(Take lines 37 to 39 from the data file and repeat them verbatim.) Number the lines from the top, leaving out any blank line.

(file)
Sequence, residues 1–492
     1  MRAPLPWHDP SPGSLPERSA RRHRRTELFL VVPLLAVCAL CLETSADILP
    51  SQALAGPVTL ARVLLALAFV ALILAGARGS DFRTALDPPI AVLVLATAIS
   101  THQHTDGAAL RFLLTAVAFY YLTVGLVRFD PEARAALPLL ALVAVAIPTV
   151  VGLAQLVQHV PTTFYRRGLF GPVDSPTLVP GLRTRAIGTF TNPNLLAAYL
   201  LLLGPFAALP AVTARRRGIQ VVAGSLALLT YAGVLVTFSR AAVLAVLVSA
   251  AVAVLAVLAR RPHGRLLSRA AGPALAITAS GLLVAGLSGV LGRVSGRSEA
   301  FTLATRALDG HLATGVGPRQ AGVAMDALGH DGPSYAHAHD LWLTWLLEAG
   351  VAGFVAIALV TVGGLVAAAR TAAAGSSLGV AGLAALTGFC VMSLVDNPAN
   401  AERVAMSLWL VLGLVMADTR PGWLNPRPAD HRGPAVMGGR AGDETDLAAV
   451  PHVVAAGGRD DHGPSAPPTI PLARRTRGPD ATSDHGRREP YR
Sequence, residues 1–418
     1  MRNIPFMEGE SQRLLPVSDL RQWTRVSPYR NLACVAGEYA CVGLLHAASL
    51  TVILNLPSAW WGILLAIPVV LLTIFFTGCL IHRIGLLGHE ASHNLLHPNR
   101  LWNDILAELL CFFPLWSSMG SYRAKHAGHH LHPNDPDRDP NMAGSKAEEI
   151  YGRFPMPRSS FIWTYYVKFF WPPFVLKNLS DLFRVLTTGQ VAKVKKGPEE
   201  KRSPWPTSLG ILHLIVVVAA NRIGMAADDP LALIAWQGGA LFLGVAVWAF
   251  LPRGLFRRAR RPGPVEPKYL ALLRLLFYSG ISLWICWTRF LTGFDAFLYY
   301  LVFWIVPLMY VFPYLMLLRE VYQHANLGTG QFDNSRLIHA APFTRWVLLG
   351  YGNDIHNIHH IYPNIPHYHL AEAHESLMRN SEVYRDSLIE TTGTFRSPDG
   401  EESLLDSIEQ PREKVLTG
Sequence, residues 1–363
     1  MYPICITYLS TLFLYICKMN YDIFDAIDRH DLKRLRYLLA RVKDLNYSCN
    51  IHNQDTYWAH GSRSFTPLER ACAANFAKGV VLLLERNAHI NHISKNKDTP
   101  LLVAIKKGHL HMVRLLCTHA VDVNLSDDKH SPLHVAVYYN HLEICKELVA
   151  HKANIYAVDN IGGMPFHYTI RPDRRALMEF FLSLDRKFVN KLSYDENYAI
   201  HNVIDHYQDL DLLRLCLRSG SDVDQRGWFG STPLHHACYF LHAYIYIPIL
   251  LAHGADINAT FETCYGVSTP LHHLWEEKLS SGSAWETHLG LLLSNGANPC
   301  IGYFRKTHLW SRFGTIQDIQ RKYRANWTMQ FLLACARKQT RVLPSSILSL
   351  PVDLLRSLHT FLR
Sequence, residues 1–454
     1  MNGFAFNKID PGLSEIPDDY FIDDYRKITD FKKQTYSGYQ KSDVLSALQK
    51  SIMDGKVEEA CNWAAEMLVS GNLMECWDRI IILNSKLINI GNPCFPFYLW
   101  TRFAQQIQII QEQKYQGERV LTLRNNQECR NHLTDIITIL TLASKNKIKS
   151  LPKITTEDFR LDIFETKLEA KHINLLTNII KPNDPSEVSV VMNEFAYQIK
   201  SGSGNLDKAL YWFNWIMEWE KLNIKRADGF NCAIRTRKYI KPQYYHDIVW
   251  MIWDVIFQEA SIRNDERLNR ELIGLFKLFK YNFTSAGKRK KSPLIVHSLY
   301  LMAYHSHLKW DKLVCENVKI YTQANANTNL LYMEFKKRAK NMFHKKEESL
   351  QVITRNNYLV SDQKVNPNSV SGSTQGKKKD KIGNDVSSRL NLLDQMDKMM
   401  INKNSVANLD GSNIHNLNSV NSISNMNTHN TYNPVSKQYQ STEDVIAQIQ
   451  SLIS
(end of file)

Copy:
   251  MIWDVIFQEA SIRNDERLNR ELIGLFKLFK YNFTSAGKRK KSPLIVHSLY
   301  LMAYHSHLKW DKLVCENVKI YTQANANTNL LYMEFKKRAK NMFHKKEESL
   351  QVITRNNYLV SDQKVNPNSV SGSTQGKKKD KIGNDVSSRL NLLDQMDKMM